Rare bird could affect housing plans

A rare bird is set to dictate where homes can and cannot be built in one of the fastest growing areas of Norfolk.The migratory stone curlew is a protected species with just 347 breeding pairs estimated in the country in 2007, two thirds of those in Breckland and the rest at the MOD-owned Salisbury Plain.

A rare bird is set to dictate where homes can and cannot be built in one of the fastest growing areas of Norfolk.

The migratory stone curlew is a protected species with just 347 breeding pairs estimated in the country in 2007, two thirds of those in Breckland and the rest at the MOD-owned Salisbury Plain.

Now the bird's Norfolk home is set to be protected by a new planning rule banning building on large swathes of land around Thetford - a town which has been hailed as a growth point with 6,000 new homes planned up to 2021.

A buffer zone of 1,500m is to be placed around parts of the EU designated Breckland Special Protected Area (which covers 40,000ha), a habitat in the district preferred by the shy creature.


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Building will also be limited to the north of the town, but not beyond the A11, according to a report to Breckland Council's full council meeting on Thursday.

It is not yet clear how much this will effect proposed new development in and around Thetford.

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But the policy has already had an impact on one village at the centre of the protected area.

Weeting was meant to be designated a service village for growth under the council's new planning blueprint, now the growth element, and a proposed 50 new homes for the village, has had to be scrapped because of the bird and flood risk areas, the report says.

Norfolk Wildlife Trust's Weeting Heath, near the village, is known as one of the best places to spot the bird.

Andrea Long, Breckland's, forward planning officer, said: “Once you apply the buffer zone it includes a lot of villages.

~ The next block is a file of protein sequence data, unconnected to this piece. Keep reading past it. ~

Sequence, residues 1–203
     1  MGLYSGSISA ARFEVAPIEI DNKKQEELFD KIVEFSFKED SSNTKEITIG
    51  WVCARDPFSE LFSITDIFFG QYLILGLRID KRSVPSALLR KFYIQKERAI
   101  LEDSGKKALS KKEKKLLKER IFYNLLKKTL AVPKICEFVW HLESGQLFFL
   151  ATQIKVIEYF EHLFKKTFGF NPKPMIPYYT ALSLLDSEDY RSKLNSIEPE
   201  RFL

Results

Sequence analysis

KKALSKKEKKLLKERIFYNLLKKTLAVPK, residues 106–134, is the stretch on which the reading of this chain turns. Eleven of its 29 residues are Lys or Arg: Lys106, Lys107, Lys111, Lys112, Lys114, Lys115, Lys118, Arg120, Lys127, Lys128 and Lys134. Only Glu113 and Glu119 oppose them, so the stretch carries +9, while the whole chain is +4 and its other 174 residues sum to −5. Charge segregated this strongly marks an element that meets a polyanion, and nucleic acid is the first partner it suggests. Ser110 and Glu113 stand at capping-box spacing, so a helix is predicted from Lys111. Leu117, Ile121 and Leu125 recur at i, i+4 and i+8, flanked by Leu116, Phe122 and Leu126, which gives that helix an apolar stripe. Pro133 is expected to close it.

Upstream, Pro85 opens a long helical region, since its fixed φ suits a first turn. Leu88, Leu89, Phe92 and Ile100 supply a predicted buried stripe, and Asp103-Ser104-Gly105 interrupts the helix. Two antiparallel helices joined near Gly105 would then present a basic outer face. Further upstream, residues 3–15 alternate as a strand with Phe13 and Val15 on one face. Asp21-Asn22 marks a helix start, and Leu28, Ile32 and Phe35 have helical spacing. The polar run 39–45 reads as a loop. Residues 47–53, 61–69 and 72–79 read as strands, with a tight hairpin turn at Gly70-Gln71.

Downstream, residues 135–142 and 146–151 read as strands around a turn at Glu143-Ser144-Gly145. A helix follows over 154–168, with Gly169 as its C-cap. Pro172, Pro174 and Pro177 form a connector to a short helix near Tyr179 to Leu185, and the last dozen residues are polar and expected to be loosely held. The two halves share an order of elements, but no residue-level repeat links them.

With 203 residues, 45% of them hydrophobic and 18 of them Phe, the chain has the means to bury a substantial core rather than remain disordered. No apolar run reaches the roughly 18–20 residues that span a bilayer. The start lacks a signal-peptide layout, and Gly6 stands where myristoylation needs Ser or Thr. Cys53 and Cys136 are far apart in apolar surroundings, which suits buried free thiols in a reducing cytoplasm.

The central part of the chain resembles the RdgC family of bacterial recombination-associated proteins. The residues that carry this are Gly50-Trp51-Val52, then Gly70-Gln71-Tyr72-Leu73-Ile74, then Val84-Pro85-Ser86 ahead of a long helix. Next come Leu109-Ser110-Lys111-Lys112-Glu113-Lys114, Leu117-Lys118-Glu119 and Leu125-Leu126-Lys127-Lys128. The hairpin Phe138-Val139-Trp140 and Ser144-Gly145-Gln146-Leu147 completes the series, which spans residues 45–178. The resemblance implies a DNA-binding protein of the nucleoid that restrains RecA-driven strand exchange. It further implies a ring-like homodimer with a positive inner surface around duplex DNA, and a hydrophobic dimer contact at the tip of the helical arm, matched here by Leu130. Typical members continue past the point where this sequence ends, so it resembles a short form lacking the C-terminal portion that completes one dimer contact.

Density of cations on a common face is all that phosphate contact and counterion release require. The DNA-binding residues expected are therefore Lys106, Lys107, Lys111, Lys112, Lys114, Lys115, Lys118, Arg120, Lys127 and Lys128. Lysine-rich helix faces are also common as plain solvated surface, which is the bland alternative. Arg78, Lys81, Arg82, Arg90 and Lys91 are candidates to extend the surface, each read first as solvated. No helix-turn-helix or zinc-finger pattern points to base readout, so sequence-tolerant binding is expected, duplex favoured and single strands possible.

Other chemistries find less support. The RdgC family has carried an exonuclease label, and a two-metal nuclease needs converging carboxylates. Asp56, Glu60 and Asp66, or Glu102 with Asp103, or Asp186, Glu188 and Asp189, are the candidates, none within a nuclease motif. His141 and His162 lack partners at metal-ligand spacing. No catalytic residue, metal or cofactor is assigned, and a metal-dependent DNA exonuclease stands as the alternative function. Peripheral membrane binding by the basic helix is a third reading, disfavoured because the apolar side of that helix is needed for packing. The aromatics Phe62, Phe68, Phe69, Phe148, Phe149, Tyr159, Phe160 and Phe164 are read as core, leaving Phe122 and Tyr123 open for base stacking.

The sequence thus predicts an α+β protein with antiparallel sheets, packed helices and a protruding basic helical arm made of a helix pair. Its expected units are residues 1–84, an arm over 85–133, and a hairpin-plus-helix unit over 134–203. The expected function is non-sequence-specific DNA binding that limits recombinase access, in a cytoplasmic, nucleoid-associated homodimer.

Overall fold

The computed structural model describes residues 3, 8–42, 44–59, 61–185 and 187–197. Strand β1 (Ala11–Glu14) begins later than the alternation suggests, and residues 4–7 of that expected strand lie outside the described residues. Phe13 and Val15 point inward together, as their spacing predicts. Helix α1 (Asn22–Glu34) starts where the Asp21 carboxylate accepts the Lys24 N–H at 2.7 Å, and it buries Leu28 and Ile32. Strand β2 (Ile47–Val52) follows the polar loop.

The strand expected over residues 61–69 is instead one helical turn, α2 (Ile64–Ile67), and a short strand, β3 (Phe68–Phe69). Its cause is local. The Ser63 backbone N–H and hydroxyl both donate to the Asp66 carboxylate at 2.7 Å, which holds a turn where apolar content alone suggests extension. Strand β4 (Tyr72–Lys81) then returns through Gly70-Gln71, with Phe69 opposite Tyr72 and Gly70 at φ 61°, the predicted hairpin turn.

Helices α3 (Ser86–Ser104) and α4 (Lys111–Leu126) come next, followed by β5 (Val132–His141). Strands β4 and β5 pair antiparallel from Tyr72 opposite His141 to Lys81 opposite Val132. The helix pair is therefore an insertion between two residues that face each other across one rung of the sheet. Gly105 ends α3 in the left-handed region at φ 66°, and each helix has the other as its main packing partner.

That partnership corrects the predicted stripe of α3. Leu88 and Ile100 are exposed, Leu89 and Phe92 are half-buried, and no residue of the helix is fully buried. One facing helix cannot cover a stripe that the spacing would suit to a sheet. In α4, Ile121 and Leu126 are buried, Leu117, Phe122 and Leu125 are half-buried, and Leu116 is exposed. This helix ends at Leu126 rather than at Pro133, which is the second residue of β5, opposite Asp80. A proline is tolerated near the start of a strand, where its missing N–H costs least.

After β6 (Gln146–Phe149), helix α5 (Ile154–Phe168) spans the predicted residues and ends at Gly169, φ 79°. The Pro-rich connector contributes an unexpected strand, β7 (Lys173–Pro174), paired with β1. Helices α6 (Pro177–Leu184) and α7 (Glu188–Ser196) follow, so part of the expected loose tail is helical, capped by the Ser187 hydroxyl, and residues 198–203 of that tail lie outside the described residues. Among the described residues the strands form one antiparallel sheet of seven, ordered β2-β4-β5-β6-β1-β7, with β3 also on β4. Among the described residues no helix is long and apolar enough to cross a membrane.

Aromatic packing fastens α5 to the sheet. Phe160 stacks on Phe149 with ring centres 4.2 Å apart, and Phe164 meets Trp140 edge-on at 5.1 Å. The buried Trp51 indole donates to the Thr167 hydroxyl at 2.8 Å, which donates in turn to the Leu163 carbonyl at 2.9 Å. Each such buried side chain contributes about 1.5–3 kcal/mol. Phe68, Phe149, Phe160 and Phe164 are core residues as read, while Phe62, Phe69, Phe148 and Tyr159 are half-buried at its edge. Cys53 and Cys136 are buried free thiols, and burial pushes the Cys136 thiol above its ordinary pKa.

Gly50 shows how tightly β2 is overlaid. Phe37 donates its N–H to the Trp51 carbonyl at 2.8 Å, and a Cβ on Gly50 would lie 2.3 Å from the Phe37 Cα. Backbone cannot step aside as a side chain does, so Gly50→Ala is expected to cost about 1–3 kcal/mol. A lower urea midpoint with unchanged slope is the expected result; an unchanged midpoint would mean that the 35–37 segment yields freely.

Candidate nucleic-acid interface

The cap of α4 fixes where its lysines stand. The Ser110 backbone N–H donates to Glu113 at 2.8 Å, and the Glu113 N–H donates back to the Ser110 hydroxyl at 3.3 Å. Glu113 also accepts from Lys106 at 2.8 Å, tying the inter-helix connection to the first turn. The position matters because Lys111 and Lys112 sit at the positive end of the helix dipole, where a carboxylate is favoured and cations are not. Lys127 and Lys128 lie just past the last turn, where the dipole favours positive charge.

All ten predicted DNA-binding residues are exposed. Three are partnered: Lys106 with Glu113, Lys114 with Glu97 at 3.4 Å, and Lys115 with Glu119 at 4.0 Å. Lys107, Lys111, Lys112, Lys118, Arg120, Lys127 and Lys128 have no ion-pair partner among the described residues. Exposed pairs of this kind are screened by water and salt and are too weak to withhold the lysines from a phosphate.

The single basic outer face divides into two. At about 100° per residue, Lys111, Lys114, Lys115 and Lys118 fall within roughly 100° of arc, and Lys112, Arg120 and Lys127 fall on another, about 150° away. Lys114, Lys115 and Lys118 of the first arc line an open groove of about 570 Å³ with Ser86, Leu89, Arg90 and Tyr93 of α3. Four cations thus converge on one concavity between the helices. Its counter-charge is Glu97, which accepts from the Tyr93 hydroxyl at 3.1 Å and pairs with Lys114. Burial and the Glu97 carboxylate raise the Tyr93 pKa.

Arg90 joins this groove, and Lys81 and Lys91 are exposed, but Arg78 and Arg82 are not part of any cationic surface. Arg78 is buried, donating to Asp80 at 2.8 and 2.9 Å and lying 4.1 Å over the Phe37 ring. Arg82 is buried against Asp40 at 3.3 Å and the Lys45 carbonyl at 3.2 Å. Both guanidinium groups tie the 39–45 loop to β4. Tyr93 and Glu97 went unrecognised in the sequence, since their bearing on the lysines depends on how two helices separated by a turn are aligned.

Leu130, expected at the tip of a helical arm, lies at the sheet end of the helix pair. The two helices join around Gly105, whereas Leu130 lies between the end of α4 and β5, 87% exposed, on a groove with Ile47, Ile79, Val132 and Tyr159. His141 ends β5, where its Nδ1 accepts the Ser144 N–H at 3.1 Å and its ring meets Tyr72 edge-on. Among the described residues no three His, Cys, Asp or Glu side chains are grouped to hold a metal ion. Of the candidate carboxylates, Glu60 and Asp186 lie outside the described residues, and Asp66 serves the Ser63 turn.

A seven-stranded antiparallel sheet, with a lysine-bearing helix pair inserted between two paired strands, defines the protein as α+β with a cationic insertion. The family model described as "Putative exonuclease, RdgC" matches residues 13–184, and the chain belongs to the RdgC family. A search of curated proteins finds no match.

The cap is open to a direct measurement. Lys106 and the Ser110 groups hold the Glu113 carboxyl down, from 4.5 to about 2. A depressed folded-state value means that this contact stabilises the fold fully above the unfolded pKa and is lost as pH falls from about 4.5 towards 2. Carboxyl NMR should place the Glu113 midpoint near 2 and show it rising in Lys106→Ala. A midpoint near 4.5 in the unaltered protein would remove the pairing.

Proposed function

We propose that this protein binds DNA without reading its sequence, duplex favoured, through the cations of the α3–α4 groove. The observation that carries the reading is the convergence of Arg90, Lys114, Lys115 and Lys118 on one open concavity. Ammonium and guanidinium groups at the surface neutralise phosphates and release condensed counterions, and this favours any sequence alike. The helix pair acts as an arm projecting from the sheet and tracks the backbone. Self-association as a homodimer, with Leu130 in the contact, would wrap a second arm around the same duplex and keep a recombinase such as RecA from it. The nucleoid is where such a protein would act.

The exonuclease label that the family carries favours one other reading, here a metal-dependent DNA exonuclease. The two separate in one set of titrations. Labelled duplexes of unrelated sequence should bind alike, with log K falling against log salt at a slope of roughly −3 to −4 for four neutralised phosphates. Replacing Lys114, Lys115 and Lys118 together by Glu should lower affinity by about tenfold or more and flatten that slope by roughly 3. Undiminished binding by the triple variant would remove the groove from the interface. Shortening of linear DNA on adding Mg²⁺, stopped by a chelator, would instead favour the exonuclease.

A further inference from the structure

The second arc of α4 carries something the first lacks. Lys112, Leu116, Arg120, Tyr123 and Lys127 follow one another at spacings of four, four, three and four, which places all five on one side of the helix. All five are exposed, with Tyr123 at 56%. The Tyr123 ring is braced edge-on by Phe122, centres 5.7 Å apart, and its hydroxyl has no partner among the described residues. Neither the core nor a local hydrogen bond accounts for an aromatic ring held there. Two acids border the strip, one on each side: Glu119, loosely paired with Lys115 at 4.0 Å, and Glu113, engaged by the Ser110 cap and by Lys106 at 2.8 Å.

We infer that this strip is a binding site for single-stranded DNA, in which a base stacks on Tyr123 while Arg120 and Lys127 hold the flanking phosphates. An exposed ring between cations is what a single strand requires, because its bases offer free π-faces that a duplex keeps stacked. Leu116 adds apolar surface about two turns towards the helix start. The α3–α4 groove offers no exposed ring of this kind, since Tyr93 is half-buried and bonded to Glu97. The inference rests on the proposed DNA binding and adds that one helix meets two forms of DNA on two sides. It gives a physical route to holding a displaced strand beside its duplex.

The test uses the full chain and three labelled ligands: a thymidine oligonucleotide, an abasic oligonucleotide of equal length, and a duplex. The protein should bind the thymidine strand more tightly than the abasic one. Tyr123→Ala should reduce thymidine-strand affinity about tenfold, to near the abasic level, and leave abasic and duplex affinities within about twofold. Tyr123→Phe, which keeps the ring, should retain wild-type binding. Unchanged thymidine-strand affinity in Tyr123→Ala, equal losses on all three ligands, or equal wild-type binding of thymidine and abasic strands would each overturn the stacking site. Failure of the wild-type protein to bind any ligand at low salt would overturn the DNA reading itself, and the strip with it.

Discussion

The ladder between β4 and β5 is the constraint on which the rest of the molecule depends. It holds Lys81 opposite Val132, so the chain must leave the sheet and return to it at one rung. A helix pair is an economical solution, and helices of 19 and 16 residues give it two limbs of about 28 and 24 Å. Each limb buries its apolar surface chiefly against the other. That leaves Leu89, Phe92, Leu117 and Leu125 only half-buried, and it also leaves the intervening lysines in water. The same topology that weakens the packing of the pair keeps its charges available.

“It does narrow down the options for Thetford but we can still deliver what we are being asked to for the growth point.

“There are things that can take place in the buffer zone, infill in built up areas or barn conversions for example or sites shielded from the SPA.

“It is not a blanket stop but a very clear indication within that zone that there could be an impact and the onus will be on the developer to prove there will be no harm to the species.”

She said work looking more closely at specific sites which may or may not be built on will be carried out next year.

Mary Norden, from the charity RSPB, welcomed the policy and said it was supported by them and Natural England.

“We are really pleased they are recognising the importance of the Brecks for this important bird,” she said.

Numbers of the bird dwindled to about 130 breeding pairs in the 1960s from 1,300 breeding pairs recorded during the 1900s.

They nest on the ground in summer, spending the winter in Africa until late March.

Other birds to be protected under the policy are woodlark and nightjar, also recognised in the Breckland SPA.

The new policy is to be introduced through Breckland's new so-called local development framework, a blueprint setting out policy on planning up to 2026.

A consultation on the care strategy of the document is due to be launched early in the New Year.

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